A Tiny HouseI have been interested in tiny houses ever since I saw a photo of a Tiny Tumbleweed House a decade ago. Now it seems that there is a tiny house “movement,” including a series on HGTV devoted to finding and buying the perfect tiny house. They seem like such a good idea but I am either ahead of or behind the curve on this one. None of my friends considers living in a tiny house a good idea.

“Where would you store your stuff?” they ask.   “How can you have a good stove in a space that small? These are reasonable objections but would it be so terrible to rent a storage unit for overflow? What is surprising is that no one mentions the coffin-like dimensions of the loft beds. That, to me, is the most serious shortcoming of the tiny space.

Although McMansions are still selling, smaller (but not “tiny”) homes are also gaining in popularity. Part of the trend is undoubtedly due to high housing costs, but it may also be that people are beginning to realize that formal dining rooms and even living rooms are often not used, and that the great room–a space where the family cooks and eats in one section and gathers to watch TV and spend time together in the other–isn’t such a bad idea.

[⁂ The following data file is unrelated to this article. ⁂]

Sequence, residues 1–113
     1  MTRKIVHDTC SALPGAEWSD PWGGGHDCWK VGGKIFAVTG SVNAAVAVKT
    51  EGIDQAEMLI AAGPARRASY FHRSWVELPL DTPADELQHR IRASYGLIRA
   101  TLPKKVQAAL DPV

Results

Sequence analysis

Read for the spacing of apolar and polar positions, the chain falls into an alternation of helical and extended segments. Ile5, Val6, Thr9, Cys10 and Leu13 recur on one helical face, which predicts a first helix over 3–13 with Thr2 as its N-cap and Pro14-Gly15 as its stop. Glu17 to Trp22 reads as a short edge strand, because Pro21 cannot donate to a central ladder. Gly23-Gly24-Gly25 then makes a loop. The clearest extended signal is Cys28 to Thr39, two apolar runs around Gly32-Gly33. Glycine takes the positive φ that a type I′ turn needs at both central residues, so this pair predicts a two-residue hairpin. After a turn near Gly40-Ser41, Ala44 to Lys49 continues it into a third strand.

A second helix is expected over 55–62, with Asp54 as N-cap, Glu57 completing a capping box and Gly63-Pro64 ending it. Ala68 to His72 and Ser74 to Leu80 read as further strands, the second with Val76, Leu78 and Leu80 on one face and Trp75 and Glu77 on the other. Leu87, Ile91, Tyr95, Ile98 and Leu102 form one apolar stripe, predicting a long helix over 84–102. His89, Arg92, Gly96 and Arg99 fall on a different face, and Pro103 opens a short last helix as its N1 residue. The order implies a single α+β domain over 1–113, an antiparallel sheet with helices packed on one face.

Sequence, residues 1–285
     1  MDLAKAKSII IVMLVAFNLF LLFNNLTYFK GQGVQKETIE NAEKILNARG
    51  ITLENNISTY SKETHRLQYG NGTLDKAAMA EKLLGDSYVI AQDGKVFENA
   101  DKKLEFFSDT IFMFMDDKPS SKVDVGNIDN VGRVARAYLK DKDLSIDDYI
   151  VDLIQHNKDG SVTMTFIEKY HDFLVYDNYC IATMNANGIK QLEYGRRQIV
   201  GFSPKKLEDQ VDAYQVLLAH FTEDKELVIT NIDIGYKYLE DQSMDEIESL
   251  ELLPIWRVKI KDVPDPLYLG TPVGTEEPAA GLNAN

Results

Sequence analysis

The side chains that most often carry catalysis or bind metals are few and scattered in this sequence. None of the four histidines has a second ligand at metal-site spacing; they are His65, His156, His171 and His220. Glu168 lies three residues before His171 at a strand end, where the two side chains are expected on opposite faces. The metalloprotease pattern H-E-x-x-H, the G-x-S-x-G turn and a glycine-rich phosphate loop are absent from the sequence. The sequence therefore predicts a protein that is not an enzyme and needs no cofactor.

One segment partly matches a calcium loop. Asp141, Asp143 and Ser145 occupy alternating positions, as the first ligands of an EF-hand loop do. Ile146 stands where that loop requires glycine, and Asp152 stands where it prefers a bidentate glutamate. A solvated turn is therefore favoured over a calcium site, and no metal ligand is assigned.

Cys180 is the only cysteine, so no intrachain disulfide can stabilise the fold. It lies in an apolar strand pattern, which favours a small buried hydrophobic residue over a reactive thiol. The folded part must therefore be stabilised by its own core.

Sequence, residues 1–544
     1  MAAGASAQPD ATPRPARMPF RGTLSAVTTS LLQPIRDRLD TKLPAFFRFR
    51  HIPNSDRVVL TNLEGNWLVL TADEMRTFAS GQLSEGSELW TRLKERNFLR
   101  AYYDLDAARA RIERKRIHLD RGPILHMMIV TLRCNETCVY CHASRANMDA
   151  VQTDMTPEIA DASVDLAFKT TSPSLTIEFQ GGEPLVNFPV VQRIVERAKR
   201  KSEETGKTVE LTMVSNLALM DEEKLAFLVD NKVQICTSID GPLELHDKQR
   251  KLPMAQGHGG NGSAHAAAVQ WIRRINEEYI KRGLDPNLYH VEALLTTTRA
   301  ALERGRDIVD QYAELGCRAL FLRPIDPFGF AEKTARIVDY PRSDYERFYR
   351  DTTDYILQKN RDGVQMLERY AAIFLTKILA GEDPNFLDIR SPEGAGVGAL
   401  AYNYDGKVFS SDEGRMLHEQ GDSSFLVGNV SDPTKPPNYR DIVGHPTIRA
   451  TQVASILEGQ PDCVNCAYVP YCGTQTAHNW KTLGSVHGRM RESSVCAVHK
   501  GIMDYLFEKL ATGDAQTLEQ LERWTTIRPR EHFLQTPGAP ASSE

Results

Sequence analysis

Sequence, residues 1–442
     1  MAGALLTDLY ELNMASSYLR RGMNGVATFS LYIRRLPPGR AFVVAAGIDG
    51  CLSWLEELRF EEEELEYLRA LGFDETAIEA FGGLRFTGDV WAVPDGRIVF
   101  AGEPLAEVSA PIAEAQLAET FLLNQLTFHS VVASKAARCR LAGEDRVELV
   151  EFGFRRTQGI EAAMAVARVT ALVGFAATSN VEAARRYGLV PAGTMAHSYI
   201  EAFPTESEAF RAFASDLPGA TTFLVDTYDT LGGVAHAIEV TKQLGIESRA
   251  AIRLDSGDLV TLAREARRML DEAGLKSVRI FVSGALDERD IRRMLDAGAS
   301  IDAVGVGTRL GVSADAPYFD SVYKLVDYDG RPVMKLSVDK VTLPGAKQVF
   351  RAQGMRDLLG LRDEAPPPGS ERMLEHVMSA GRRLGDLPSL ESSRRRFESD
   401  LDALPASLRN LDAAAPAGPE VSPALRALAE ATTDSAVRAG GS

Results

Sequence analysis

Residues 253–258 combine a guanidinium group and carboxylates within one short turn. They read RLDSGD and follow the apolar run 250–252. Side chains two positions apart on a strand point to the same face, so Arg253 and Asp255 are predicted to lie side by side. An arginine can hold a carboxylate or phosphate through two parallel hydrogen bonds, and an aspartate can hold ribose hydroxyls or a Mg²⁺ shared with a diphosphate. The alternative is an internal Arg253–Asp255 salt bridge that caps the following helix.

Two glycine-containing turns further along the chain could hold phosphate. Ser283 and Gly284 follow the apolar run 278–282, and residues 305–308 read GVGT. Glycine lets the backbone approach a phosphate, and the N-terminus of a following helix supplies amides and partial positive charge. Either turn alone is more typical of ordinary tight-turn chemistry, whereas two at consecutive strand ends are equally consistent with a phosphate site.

There is a second kind of “tiny house,” one a good man in Oakland, California is building for homeless people. Gregory Kloehn is an artist, plumber and construction contractor. Some years ago, he began taking photos of structures built by homeless people in West Oakland. Eventually, he made it a mission to help them. As of 2015, he had built at least 35 houses, many from discarded materials. This video from NationSwell shows what he has been doing.




About Alexis

Alexis Rankin Popik, author of Kiss Me Over the Garden Gate, is an award-winning short story writer whose work has appeared in The Berkshire Review and Potpourri Magazine. She has penned numerous articles about local history that have been published in Connecticut Explored and the University of Connecticut School of Law and The Hartford Seminary publications. A former union organizer, Popik traveled the country educating shipyard workers about health and safety and founded a labor-management health plan before turning to writing fiction full-time. She lives with her husband in New England.
This entry was posted in Alexis Rankin Popik, General, Home and tagged , , , . Bookmark the permalink.